Visu on the other hand, wore a poonal, he is the son of Neelakanta Sastri, an Engineer and he researched about computers which is what made you jump for this alliance. Am not complaining Appa, Visu is a nice man. Tell Amma that I could not try her kozhakkattai recipe this Pongal because coconuts were too expensive and Avar nenacchar that it was ridiculous.

Anyway, we went out on Sankaranthi day and dined out. He thought it would be a good idea to invite the Chatterjees also. But I didn’t speak Bengali and Mrs.Chatterjee spoke English in an accent that comes with living years in America. Hence I made myself busy with the menu card. They ordered various species of fish,shrimp and a lot more of items I had never seen in my life. I ordered orange juice and a sandwich. The other diners thought it was queer coming to a seafood restaurant and settling for a sandwich. That day, I learnt that Avar prefer pannradhu beef, pork, bacon and seafood.

Do you know, Appa… Sakthi gave up meat because of me? I didn’t ask, he just did. But then, Sakthi is not Neelakanta Sastri’s son and that made it impossible for Subramania Iyer’s daughter Kalyani to marry him.I will keep you posted on what happens here. I don’t think I can make it to Seenu’s Upanayanam. Tell Amma not to get me a pattu podavai for the poonal, I don’t use them here. I wore it once and felt like a clown here.

 

Your loving daughter,

Kalyani.

 

Dearest Appa,
20th Oct’1968

 

We are fine here. Gautam is speaking his first words and I swear they sounded like ‘Dosai’. But Visu claims it’s just gibberish. From your previous letter, I gather that pakkathatthu Rama is married and settled in Jamshedpur. Nice to know that. Please find out her address from Saarada maami and write it to me. I want to keep in touch with her. I hope Raji is happy with her husband in Madras. I spoke to her last month, great to know that she has a phone. Do tell Seenu to study well and prepare for his school final exams.

Raji also told me that Sakthi is married now. I wish him good luck, but I could not convey the message to him. Raji refused to be the messenger and I know you have severed ties with Sakthi’s father, your long term friend Sankaravel, thanks to me. I hear his wife is his cousin… He must have succumbed to his mother’s wishes.

How did Avani Avittam go? Visu’s mother gave me a bunch of new poonals for Avani Avittam but Visu was in Boston that day. He wouldn’t have used it anyway, I haven’t seen him wear one in the last three years. Gautam is now playing with the spool of thread- mere thread it is, what else can I call it? Gautam will not even know what it signifies, I guess.

Visu is making sure Gautam grows up listening to English only. He says it will make his life easier. But I do read out passages from Ponniyin Selvan and Bharathiyaar’s poetry when I am alone with him. It’s more of reading to myself, I guess. I actually got that poetry book as a present from Sakthi, it still has his scrawling signature in the first page.

By the way, Visu saw that book and asked me about Sakthi, I told him. Hold your breath Appa, he didn’t throw me out of the house. He is a good man, no question. He said it is okay and that he doesn’t mind. And then he told me of his American girlfriend whom he was once in love with, when he first reached America- Amy, a fellow Researcher who was in a brief relationship with Visu when she was in New York. They lived together for 3 months and decided against marriage, somehow. Amy once dropped home when she was in New York. Nice lady, she was.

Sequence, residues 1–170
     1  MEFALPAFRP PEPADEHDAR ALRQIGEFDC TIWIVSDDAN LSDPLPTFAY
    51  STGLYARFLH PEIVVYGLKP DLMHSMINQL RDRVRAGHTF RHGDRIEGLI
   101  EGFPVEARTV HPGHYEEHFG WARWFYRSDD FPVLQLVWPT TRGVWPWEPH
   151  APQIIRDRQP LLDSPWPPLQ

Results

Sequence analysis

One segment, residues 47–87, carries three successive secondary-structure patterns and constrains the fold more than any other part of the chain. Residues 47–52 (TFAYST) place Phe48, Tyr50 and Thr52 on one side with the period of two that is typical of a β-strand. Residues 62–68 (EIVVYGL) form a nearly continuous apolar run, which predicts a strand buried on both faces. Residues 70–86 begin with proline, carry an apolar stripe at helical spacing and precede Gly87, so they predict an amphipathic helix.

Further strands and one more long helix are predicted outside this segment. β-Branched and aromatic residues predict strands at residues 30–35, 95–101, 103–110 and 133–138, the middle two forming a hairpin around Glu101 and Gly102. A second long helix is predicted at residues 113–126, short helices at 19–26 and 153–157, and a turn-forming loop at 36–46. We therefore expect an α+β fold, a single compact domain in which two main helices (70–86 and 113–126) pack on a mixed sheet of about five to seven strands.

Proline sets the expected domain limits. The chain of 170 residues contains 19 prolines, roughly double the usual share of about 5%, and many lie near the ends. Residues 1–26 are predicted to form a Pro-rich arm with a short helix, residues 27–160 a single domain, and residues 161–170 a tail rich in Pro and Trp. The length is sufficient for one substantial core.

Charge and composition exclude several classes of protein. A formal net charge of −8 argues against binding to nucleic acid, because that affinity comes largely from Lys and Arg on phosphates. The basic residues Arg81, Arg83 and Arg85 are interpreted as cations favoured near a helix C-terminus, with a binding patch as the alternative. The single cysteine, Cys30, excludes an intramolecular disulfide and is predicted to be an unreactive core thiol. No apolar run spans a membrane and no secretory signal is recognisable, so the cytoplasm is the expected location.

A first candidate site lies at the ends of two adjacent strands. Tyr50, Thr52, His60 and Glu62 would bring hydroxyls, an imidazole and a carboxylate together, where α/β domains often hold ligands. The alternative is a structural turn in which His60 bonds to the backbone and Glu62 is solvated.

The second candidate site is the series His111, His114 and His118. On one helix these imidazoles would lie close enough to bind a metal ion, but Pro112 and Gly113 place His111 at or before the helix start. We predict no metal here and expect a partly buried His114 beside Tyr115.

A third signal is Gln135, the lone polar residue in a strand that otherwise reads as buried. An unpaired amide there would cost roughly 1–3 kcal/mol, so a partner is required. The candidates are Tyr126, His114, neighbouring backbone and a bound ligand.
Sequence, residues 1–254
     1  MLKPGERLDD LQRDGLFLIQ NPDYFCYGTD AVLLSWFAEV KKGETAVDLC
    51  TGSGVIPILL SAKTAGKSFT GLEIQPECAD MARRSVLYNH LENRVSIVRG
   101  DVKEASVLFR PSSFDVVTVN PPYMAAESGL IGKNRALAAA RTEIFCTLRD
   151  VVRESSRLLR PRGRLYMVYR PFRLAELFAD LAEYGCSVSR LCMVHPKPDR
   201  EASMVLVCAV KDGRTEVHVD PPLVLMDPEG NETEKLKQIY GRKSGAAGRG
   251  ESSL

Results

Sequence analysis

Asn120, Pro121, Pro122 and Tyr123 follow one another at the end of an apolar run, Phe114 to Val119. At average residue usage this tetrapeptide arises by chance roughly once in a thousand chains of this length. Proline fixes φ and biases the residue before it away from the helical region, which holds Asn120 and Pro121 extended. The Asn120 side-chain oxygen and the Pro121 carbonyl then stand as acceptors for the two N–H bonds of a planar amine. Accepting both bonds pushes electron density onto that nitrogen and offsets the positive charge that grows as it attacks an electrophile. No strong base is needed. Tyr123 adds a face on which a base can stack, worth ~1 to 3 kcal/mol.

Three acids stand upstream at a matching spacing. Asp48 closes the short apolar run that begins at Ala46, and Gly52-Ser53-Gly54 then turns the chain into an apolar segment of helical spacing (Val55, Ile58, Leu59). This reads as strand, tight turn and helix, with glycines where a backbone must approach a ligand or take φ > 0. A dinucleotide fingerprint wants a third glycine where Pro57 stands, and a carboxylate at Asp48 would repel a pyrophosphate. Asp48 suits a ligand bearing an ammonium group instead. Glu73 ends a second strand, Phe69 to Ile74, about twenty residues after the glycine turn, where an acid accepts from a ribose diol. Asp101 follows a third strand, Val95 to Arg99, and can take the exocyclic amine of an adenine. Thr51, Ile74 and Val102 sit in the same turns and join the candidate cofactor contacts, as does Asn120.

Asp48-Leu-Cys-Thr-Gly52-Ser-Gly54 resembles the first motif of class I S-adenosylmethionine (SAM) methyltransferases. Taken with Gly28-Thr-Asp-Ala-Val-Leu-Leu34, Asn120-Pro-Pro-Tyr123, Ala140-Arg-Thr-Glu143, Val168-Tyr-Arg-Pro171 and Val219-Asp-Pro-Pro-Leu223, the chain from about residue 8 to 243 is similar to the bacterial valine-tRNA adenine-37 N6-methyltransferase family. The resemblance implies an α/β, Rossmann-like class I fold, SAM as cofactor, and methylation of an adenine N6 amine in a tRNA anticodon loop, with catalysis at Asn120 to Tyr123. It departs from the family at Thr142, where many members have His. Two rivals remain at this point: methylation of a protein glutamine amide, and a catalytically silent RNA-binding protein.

Ask Amma to send me Sambar Podi for this whole year. My friend Sudha is coming to Madras next week. Ask Seenu to catch the Rockfort Express and give it to her. I will collect it from her here.

 

Your loving daughter,

Kalyani.

 

Dearest Appa,
3rd June’1974

 

We have arrived here safely. After two months in India, I find it hard to adjust back to normal life here. Gautam and Ranjana demand vadai,paayasam and vaazhai ilai here. Visu’s relieved to be back in America. I left a set of my books there. If it’s not in Trichy it must be in Visu’s parents’ place. If you find them, safeguard them until my next trip. They mean a lot to me since they were gifts from Sakthi. By the way, Appa, I found out Sakthi’s present address in Madras from Rama and Saarada maami. I wrote to him. I am extremely proud to know that Dr.Sakthivel is a cardiologist much in demand there in Madras. He was thrilled to hear from me after so long. You know what he has named his daughters? Kalyani and Raagamaalika. He called me. You know what, he’s still a practising vegetarian, Appa. He didn’t revert back just because he lost me… He asked me if I still sang and whether Gautam and Ranjana could sing. I could see a proud father in him, when he claimed his daughters could sing upto Rara Venu Gopala. That’s when I remembered that I was once a good singer. I wonder why I stopped singing, wonder why I never exposed the kids to Music and Dance. But then, I realize that I had buried all that deep inside me when I left Trichy; after bidding farewell to my best Rasika, actually. Sakthi. After the call, I tried singing ’Kurai Onrum Illai’. I could not rquite reach Charanam, because of the lack of practice and more importantly because of the tears that filmed my eyes and the constriction in my throat. I sang to Visu and the kids one of these days. Though Gautam was impressed, father and daughter could not just wait for me to finish! By the way, next time some friend comes to India, send me a Sruthi Box. I would like to start singing again.